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CBK clears Oriental Bank acquisition by Tanzanian lender

Bank M Tanzania CEO designate Jacqueline Woiso (right) with Oriental Commercial Bank head of risk Josiah Onsembe during a media briefing. PHOTO | DIANA NGILA
Bank M Tanzania CEO designate Jacqueline Woiso (right) with Oriental Commercial Bank head of risk Josiah Onsembe during a media briefing. PHOTO | DIANA NGILA 

The Central Bank of Kenya (CBK) has cleared the acquisition of a 51 per cent stake in the shareholding of Oriental Commercial Bank by Bank M of Tanzania setting the stage for its entry into Kenya.

The regulator said Thursday it had also approved an application by M Holdings Limited to form a Non-Operating Holding Company as required by law as well as a change of name from Oriental Commercial Bank Limited to M Oriental Commercial Bank Limited.

“The transaction and consequent changes are expected to be completed by September 2016,” said CBK in a statement.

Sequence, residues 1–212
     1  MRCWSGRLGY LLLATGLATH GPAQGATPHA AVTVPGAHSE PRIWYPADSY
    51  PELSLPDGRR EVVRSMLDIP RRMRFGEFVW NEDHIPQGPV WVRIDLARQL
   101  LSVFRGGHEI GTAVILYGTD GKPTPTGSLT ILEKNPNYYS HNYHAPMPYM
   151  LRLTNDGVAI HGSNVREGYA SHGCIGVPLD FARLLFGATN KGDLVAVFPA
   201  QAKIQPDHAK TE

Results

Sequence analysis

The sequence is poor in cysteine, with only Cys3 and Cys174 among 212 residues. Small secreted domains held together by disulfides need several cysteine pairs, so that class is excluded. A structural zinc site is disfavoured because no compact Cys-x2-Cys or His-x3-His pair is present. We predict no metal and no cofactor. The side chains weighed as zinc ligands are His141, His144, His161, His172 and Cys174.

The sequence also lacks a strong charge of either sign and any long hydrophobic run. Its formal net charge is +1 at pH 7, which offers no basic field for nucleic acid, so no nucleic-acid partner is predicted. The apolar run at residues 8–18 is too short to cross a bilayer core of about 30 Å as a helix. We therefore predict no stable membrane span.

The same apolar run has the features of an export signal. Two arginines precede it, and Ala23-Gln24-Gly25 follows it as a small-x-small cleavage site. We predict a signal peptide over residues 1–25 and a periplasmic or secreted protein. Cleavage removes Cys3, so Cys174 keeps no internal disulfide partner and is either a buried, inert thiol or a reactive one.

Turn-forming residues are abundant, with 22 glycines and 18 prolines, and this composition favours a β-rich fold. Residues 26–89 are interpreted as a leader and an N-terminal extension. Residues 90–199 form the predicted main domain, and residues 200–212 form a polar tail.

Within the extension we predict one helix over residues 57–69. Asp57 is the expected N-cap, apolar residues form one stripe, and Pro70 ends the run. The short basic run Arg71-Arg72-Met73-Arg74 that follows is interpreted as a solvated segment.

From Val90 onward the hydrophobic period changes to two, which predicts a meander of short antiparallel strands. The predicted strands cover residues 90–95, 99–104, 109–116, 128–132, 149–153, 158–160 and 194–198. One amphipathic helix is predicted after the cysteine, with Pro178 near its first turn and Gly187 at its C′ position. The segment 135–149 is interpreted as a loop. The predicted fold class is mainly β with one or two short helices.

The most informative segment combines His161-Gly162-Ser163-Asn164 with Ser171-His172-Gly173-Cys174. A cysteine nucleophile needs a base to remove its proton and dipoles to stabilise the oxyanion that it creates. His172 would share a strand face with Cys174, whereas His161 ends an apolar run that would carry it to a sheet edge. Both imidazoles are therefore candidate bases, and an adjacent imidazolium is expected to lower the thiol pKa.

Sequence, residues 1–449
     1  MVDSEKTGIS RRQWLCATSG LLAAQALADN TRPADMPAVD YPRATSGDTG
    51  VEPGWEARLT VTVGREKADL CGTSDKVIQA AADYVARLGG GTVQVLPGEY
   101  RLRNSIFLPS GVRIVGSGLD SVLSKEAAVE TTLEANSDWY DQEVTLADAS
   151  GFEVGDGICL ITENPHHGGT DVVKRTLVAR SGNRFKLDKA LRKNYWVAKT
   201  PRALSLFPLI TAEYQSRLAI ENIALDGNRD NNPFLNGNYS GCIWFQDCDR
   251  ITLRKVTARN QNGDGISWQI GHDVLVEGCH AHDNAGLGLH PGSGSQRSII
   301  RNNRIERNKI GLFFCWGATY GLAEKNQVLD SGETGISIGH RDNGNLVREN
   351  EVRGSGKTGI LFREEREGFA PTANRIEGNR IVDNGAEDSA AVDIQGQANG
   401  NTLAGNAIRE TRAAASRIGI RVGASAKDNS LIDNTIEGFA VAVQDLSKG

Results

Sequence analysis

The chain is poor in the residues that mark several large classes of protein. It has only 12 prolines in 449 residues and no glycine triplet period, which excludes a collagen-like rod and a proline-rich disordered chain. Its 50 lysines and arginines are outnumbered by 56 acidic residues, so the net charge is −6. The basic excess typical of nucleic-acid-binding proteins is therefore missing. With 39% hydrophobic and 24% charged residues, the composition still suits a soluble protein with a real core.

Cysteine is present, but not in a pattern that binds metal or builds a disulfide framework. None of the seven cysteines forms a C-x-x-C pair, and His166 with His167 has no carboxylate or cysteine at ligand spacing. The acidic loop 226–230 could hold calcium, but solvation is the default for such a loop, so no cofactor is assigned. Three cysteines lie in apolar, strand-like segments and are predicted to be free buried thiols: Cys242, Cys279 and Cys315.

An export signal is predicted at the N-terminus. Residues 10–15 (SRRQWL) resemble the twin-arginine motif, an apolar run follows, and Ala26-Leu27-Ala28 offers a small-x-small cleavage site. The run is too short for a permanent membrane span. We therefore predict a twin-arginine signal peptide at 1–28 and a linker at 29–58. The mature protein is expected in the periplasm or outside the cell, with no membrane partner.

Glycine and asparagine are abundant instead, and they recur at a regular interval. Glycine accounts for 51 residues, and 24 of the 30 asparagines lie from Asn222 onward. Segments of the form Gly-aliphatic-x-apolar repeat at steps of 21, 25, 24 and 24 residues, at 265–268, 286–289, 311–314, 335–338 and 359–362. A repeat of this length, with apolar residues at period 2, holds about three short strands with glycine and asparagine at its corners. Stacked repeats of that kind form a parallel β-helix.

The regulatory approvals now set the stage for Bank M of Tanzania, to become the first Tanzanian lender to enter the Kenyan market after 73 per cent of its shareholders under the M Holdings Group agreed to buy 51 per cent stake in Oriental Commercial Bank.

Oriental Commercial Bank is classified as a small lender by the CBK and was formerly Delphis Bank Ltd.

It was licensed to operate in Kenya in 1991, and was ranked 37th in terms of market share as at 31 December 2015, with nine branches.

Bank M of Tanzania was licensed in February 2007, and is focused on corporate and investment banking. It becomes the first bank from Tanzania to enter the Kenyan banking sector.

The deal had earlier received the nod of the Competition Authority of Kenya.

CBK gave the initial green light in May last year.

Deal valued at Sh1.3bn

Last year Oriental shareholders approved the allotment of 42,281,893 ordinary shares valued at Sh30 each to M Holdings valuing the deal at Sh1.3 billion.

M Bank has a deposit base of Sh31.8 billion and a loan book of Sh33.5 billion.

Oriental Commercial Bank recorded a profit drop for two years in a row last year after it posted net earnings of Sh43 million down from Sh72 million in 2014 and Sh140 million a year earlier.

It has a deposit base of Sh6.2 billion and a loan book of Sh5.2 billion.

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